Illegal immigration between Algeria and Europe
A Lost Youth
Illegal emigration in Algeria has recently become an urgent issue. Harga, or illegal emigration, was once considered to be a valid option reserved for the uneducated and for criminals. Recently, Harga is now the only option for the educated and the effluent.
Brahim, a young Algerian student, feels lost in his contemporary Algerian society. "What I am supposed to do in Algeria? I don’t have enough money to live the life that I want. I can’t keep ask ingmy father for money to go out with my friends or to go to nightclubs”.
He continues, “Algerians belong to a society where a man must support himself”. A common Algerian saying is that “the failure of a man's is in his pocket", or in other words, a man must be financially stable in order to be successful in society.
For Brahim, if he emigrates, there is no coming back. “I feel humiliated; sometimes people think that I am responsible for my unemployment. I can explain myself but no one will understand me or my feelings. There are moments where I wish to die, just to make my life easier.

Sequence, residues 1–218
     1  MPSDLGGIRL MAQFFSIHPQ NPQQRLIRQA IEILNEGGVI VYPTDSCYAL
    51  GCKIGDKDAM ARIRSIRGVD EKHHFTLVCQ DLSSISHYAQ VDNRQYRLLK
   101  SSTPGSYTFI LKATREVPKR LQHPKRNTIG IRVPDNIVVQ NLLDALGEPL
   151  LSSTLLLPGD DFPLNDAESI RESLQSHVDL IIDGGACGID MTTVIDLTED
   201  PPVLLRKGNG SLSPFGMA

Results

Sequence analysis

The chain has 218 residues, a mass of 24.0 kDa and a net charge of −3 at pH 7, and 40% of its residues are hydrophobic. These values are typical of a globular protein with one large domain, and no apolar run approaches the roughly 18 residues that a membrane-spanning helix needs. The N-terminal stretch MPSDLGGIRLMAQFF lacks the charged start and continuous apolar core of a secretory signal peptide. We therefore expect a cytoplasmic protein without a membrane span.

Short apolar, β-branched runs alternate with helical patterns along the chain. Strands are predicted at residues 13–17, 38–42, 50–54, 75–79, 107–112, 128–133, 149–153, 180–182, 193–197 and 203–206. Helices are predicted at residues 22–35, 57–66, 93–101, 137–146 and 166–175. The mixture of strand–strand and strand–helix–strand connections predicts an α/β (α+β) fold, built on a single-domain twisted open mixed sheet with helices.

The numbers are staggering: between 1988 and 2010, 15 638 immigrants died crossing the borders. In the years between 2005 and 2009, 260 people died and thousands went missing. In just 2010, more than 1,400 illegal immigrants from Algeria were deported from Spain.
Mohammed Kouidri, an Algerian sociologist, is an expert on the issue on Harga in Algeria. “Their lives are difficult! No serious thought has been made to consider the problems that our predominantly young population face. Our youth are living in a vicious circle. It is impossible to find a decent job and to settle down. This young, frustrated generation feels neglected, and they resort to crime, terrorism and Harga.”
In order to stop illegal emigration, the Algerian government has installed a new law in the country: any Algerian who leaves the country illegally via land, sea or air can face up to two to six months of jail and/or a fine of 20 000 to 60 000 DA (300 - 800 U$). This includes anyone who is involved with the creation of false documents or the impersonation of others.
“I am 30 and I have nothing,” says Brahim, “only time will tell us if this is the best way to handle the situation.